Paratek, an antibiotic biotech first established in 1996 has finally met its end. Its story is long, sad, predictable, predicted and its end completely preventable.
Surgeons are frequently impatient, “never letting the skin get in the way of the problem.” One of my colleagues repeatedly asks God, "Please give me patience right away.” That seems to be the case for us that are not scientists; we often are not patient enough for the data to unfold; the data, in this case, some reliable findings on the incidence of myocarditis and pericarditis associated with the COVID vaccinations.
I just got my COVID booster! I'm quite happy about this but it was a rather strange experience. Here's why.
There has been no shortage of COVID-19 vaccine doubters. One (of the infinite number) of criticisms of the mRNA vaccines is that clinical trial data is somehow unreliable, or that the vaccine won't work in the “real world." But a study at the University of Texas Southwestern Medical Center has slammed the brakes on that theory. The Pfizer/Moderna vaccines almost entirely prevented infection in first-line medical workers.
From vaping to cutting-edge biotechnology, UK health regulators do a far better job than their American counterparts. This was proven yet again when the UK beat the U.S. FDA at approving a coronavirus vaccine produced by Pfizer, an American company.
Pfizer and Moderna are producing fewer but more effective (and pricier) vaccines, while AstraZeneca is making a greater number of less effective (and cheaper) vaccines.
We've just gotten a whole bunch of good news – news we really needed – about finally getting the upper hand against COVID-19. Two vaccines, both more than 90% effective at protecting clinical trial participants against the disease, were announced just seven days apart. These numbers are well beyond expectations, but some critically important questions linger. Here they are. The answers will determine how successful the vaccines will be.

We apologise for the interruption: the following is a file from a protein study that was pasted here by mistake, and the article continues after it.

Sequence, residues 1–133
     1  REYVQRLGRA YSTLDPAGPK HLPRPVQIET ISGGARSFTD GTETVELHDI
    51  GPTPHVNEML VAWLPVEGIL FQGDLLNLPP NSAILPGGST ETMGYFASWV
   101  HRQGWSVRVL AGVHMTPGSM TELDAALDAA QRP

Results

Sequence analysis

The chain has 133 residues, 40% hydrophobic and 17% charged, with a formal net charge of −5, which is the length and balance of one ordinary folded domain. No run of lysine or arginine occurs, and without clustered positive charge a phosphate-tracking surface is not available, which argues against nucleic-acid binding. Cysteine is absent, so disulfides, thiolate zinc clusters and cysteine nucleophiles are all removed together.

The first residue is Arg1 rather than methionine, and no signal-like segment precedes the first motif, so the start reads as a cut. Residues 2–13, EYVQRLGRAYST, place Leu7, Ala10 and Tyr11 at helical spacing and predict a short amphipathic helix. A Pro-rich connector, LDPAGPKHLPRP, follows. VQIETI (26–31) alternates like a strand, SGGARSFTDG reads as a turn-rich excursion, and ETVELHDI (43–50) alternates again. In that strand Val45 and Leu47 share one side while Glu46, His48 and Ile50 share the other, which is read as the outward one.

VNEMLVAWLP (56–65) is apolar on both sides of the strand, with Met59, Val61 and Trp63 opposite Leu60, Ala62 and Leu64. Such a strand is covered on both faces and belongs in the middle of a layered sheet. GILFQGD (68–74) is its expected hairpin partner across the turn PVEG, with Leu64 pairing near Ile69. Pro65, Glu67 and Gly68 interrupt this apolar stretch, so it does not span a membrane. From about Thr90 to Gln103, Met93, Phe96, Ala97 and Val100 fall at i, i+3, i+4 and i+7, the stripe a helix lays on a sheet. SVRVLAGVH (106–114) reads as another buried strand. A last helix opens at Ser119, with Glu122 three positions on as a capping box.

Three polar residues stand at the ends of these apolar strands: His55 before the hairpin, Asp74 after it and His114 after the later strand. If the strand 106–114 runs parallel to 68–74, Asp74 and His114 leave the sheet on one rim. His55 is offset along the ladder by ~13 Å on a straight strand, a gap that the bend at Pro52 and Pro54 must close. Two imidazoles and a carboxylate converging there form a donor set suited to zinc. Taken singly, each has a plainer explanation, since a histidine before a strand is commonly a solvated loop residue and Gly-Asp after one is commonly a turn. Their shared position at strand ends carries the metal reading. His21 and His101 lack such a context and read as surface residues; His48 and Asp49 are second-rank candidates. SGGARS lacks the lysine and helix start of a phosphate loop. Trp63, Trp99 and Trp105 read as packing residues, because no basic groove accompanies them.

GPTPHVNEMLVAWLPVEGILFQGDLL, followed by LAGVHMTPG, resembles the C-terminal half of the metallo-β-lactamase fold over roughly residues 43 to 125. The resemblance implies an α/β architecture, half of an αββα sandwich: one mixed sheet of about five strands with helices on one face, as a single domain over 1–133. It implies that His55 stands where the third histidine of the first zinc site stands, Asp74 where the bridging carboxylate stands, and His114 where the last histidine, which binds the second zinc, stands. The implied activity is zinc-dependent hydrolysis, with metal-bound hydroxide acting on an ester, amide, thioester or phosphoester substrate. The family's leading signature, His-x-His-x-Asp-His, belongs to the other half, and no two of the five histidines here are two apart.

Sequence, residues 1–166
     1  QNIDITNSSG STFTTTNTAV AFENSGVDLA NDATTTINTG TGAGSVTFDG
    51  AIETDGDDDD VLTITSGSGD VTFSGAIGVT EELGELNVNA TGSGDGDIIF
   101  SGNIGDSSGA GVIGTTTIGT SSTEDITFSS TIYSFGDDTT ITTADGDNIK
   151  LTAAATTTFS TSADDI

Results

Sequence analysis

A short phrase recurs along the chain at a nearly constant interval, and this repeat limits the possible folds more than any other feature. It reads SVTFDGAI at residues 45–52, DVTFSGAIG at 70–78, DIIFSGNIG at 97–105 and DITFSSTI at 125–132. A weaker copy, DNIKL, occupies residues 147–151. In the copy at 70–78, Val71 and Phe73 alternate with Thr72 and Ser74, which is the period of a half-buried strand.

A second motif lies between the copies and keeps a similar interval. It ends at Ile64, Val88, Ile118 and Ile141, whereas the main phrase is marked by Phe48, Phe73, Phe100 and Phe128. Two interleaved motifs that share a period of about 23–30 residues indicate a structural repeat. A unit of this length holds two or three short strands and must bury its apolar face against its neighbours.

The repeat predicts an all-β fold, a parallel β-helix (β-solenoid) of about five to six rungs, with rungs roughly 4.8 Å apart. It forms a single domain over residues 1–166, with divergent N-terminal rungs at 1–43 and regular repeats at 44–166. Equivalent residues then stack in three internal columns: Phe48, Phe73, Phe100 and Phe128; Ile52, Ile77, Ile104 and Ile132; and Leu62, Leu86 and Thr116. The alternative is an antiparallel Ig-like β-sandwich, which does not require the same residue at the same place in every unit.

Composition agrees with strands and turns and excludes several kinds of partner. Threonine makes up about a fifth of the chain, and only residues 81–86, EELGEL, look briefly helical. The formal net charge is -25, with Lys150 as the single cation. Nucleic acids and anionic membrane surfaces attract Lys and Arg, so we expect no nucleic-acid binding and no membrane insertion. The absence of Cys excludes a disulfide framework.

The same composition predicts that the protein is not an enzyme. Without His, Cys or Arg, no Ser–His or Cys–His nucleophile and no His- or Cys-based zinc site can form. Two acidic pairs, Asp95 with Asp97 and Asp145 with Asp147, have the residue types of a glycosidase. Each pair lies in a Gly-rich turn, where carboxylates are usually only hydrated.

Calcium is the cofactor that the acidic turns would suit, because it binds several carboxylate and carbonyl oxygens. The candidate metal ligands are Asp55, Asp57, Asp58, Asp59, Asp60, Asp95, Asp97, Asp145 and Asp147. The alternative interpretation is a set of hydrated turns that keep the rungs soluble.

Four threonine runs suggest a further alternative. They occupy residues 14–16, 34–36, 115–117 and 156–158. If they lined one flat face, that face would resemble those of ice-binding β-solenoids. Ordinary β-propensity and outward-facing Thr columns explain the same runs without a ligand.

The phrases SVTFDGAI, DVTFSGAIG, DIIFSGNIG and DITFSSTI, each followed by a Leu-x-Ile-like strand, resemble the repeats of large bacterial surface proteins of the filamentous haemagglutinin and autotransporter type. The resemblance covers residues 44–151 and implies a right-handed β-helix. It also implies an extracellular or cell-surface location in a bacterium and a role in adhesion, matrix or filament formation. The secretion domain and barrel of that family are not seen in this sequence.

New York Governor Andrew Cuomo would rather allow more Americans to become infected with and die from coronavirus than to allow an imperfect vaccine distribution plan to proceed.
Pfizer's vaccine is based on RNA, which is a very unstable molecule that is prone to breaking down. Storing it at -94° F prevents this, but it creates the logistical difficulty of transporting the vaccine.
Americans take comfort knowing that competition works to keep prices in check, which keeps businesses on their toes while they deliver price-trimming benefits to consumers. However, when it comes to the market for medication that treats erectile dysfunction, that assumption simply and shockingly does not apply.
ACSH friend, Dr. Robert Popovian, the Senior Director of Healthcare, Science and Economic Advocacy and U.S. Government Relations at Pfizer, is arguably one of the world s premier experts in all aspects of the industry, from early stage discovery to development, as well as innovation, economics, and government policy.
Today we give a shout-out to ACSH friend Michael D. Shaw for his provocative piece that was posted on the HealthNewsDigest website. This topic is something we have written about regularly: What happens to pharmaceutical research when big companies merge and/or layoff scientists?